DOI: 10.1101/480301Nov 27, 2018Paper

A theory for how the antigen presentation profile influences the timing of T-cell detection

BioRxiv : the Preprint Server for Biology
Alberto Carignano, Neil Dalchau


T-cells are activated when their receptor molecules recognize complexes of MHC proteins bound to peptides on the surface of neighbouring cells. Each T-cell expresses one variant of many possible receptor molecules, which are generated through a partially random process that culminates in approximately 107 possible T-cell receptors. As the peptide sequence bound to an MHC molecule is also highly variable, the optimal strategy of an antigen-presenting cell for displaying peptide-MHC complexes is not obvious. A natural compromise arises between aggressive peptide filtering, displaying a few peptides with high stability MHC binding in high abundance and regularity, and promiscuous peptide binding, which can result in more diverse peptides being presented, but in lower abundance. To study this compromise, we have combined a model of MHC class I peptide filtering with a simple probabilistic description of the interactions between antigen presenting cells (APCs) and cytotoxic T-cells (CTLs). By asking how long it takes, on average, for an APC to encounter a circulating CTL that recognises one of the peptides being presented by its MHC molecules, we found that there often exists an optimal degree of peptide filtering, which minimises t...Continue Reading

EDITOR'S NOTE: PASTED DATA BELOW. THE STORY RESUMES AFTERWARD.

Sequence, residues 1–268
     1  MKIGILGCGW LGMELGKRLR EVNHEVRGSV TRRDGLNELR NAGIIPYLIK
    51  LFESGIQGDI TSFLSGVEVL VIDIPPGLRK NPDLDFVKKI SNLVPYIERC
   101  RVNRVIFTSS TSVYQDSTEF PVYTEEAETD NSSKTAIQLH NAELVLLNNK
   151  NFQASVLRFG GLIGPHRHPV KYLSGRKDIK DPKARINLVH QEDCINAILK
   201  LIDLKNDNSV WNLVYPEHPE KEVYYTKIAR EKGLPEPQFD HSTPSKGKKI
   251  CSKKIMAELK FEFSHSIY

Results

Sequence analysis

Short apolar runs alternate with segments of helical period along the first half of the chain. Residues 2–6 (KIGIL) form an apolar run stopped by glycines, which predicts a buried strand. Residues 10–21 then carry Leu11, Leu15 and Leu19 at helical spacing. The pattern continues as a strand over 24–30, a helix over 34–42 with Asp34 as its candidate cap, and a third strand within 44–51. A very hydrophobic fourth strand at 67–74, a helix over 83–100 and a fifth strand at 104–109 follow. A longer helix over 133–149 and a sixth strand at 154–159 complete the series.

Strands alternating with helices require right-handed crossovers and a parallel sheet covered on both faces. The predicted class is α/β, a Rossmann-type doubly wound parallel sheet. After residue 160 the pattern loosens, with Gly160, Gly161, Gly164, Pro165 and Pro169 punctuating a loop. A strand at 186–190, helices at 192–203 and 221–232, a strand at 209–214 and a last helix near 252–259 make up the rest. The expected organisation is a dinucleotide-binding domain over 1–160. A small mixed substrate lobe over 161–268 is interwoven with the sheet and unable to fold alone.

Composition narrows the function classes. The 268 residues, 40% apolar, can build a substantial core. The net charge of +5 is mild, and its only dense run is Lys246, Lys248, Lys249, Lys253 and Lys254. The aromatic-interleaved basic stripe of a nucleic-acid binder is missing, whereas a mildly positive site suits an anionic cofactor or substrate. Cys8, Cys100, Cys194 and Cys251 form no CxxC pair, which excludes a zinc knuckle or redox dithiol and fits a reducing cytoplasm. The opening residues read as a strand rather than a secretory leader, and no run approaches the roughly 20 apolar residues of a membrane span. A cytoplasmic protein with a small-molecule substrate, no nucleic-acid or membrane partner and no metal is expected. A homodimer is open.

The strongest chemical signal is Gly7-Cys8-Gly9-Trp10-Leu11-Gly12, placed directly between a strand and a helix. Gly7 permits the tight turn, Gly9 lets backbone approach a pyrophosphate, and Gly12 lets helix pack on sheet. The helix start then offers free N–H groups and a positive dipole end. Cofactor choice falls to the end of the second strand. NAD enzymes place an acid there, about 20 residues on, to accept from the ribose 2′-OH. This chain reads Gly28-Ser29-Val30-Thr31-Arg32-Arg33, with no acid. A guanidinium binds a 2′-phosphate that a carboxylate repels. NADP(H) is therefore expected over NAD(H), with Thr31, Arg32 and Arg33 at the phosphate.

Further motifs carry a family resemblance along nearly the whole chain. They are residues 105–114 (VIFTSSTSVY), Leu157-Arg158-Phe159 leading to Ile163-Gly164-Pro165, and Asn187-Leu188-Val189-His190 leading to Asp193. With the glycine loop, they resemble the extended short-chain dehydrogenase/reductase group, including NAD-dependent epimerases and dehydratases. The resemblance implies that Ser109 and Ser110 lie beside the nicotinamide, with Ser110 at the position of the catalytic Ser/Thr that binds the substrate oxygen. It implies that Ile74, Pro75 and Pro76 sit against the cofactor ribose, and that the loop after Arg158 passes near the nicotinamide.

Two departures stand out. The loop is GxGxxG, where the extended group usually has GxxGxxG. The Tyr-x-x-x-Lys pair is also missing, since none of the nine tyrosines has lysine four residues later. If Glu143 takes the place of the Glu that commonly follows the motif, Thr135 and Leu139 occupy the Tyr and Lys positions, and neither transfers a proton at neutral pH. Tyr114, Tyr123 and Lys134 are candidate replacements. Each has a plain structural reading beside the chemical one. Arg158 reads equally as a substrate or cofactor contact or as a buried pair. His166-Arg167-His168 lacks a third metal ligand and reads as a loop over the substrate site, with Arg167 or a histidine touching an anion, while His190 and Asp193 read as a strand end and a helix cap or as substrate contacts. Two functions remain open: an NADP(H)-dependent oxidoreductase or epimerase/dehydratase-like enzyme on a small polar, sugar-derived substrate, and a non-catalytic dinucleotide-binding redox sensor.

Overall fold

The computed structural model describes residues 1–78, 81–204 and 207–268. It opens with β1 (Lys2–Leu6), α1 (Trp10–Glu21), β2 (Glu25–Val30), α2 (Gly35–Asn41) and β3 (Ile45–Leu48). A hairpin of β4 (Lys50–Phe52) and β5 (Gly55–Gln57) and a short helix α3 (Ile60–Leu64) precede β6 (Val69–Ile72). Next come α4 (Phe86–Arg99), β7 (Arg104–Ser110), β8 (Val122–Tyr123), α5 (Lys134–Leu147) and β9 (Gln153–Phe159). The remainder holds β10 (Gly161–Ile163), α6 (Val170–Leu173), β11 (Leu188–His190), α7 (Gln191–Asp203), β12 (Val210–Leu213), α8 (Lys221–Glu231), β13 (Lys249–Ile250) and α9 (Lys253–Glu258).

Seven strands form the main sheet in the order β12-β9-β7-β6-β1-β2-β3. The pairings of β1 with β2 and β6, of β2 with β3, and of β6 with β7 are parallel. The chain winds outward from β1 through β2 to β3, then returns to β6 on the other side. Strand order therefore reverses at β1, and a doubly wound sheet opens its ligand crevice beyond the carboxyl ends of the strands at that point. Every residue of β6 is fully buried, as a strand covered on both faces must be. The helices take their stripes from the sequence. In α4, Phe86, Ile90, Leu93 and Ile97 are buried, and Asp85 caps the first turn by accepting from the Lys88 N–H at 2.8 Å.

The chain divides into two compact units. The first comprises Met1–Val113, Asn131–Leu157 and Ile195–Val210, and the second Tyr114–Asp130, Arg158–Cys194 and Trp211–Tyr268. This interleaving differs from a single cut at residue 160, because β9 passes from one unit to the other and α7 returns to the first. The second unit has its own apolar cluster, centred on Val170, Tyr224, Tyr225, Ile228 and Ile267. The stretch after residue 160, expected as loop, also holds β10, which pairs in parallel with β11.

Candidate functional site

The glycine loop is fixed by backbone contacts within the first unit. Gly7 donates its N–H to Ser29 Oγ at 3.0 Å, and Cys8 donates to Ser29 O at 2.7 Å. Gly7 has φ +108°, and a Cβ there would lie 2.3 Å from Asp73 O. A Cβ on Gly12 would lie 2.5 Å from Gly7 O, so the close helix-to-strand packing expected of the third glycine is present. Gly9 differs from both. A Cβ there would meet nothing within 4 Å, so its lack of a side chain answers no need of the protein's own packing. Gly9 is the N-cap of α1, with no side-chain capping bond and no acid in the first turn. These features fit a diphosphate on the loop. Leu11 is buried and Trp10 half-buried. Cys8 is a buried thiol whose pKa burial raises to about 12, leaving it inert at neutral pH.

Related Concepts

Antigen-Presenting Cells
Histocompatibility Antigens Class I
Cytotoxic T-Lymphocytes

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